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Originally published Saturday, June 30, 2012 at 4:57 PM

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Sensors credited for drop in WA truck crashes

The trucking industry and authorities are crediting electronic sensors and enforcement with helping drop the number of truck-related crashes over the years in Washington state.

The Associated Press

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GRANDVIEW, Wash. —

The trucking industry and authorities are crediting electronic sensors and enforcement with helping drop the number of truck-related crashes over the years in Washington state.

Between 2008 and 2009, fatal crashes involving commercial vehicles dropped by about 50 percent to 32. Fatalities dropped to 26 the next year but climbed to 37 for 2011, the Yakima Herald-Republic reported Saturday ( http://bit.ly/LMSyUZ).

New technology, paired with aggressive enforcement and public education fueled the improvements, said Darrin Grondel, director of the Washington Traffic Safety Commission and former commander of the State Patrol's commercial vehicle division.

"Safety is greatly enhanced," he said.

It works like this: Affixed to the windshields of more than 65,000 trucks - 39 percent of those that ply the state's roads - is a transponder, an electronic device about the size of a credit card that communicates with sensors on bars over the highway at weigh stations.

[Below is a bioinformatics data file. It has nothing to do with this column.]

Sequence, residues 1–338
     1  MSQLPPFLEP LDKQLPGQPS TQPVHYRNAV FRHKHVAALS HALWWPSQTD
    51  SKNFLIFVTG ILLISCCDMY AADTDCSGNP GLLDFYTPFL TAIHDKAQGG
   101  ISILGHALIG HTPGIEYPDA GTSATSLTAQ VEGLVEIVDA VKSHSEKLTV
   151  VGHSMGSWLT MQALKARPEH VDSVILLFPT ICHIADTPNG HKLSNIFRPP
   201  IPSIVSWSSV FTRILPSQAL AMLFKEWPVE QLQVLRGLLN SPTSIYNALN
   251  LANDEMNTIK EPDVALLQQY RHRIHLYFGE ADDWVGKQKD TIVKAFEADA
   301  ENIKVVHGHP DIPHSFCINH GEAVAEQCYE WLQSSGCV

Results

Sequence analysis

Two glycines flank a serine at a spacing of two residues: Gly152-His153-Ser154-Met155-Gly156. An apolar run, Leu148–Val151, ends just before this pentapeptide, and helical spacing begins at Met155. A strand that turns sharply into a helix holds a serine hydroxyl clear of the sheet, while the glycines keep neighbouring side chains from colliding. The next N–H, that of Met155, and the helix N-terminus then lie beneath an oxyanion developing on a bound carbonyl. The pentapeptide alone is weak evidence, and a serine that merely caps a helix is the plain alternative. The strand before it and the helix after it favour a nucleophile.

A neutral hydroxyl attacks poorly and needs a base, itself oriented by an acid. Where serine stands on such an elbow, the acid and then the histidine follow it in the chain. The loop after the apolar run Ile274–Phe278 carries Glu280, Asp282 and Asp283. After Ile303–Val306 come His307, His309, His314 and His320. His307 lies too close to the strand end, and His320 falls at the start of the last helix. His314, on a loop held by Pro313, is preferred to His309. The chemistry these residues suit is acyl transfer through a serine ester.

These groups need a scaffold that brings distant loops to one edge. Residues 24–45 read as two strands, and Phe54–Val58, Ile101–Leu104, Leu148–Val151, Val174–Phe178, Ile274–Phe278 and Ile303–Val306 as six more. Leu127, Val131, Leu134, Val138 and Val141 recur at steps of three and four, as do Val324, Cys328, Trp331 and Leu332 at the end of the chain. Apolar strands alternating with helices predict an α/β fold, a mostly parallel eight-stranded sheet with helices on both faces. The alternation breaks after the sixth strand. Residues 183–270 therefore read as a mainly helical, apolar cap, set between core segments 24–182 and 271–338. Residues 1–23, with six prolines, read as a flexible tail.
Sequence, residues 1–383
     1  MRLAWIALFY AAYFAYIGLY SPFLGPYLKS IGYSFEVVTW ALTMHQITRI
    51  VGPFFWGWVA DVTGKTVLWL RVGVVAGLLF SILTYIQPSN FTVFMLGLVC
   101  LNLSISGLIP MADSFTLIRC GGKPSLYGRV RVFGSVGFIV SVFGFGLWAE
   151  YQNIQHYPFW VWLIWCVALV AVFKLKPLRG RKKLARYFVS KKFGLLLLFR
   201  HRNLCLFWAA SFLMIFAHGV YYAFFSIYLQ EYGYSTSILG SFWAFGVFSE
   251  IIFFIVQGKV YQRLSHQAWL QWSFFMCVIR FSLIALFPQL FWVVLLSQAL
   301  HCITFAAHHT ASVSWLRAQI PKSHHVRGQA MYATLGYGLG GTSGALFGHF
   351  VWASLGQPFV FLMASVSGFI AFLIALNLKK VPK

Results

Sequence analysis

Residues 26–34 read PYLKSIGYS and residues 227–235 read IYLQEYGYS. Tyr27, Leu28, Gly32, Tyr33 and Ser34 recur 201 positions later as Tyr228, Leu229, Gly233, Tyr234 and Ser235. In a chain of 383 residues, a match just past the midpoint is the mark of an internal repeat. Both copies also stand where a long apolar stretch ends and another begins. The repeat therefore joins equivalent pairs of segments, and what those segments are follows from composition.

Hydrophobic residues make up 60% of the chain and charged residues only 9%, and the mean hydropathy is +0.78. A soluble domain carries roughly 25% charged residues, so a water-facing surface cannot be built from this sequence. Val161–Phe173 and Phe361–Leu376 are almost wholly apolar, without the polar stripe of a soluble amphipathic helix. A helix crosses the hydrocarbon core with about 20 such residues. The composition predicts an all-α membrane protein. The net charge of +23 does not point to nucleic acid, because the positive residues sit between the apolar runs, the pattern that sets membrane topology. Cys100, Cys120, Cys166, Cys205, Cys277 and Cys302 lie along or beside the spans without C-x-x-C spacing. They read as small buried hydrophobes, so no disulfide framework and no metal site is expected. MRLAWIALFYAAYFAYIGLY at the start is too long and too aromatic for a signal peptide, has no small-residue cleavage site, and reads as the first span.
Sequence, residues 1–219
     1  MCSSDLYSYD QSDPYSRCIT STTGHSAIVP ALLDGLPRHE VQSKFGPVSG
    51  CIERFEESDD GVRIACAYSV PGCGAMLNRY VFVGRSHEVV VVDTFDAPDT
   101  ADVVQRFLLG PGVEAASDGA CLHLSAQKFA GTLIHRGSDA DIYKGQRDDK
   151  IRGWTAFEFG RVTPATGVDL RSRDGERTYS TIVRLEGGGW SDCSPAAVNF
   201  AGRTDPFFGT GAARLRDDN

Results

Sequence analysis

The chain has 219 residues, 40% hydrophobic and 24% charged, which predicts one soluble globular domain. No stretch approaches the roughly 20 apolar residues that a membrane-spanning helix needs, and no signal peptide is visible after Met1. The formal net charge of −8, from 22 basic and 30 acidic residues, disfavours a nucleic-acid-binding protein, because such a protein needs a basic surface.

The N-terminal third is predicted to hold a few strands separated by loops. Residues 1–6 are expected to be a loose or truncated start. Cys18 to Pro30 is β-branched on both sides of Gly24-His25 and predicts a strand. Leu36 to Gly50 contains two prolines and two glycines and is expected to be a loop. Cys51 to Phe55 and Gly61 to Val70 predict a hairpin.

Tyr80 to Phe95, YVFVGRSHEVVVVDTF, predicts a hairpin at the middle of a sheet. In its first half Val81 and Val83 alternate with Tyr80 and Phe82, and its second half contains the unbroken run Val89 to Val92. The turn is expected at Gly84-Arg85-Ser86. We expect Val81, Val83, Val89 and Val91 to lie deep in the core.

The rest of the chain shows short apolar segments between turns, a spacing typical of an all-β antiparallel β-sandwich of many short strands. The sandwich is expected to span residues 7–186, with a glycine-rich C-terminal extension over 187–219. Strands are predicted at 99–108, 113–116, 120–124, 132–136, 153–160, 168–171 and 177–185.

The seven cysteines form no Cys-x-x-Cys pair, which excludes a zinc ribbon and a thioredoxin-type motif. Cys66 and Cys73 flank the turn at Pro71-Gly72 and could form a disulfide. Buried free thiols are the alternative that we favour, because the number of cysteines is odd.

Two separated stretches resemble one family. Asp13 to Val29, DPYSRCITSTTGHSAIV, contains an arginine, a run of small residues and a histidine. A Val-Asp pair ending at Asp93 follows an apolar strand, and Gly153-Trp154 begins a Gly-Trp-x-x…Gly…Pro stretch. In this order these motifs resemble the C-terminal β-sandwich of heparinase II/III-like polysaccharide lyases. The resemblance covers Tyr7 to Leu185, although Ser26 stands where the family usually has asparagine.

When the truck passes, the sensor recognizes the vehicle and pulls up all the information about the truck's company, safety record and history onto a computer screen. Meanwhile, the in-pavement scales weigh not only the trucks but also the weight over each axle.

If the company's record is clean and the vehicle is within weight restrictions, the trucker gets a green light and just keeps going without even slowing down.

That happened 1.18 million times last year, saving those trucks an average of five minutes and $10.28 each time.

Before, every truck pulled into the weigh station, as long as it was open. Now, only the trucks with problems are delayed.

"It allows us to focus on the at-risk trucks," said Lt. Jeff Closner, the Washington State Patrol's assistant commander for Region 3's commercial vehicle division.

The electronic weigh-in and monitoring technology saved the trucking industry $12.1 million by cutting down on idle time. That savings, in theory at least, lowers the price of food and good for consumers.

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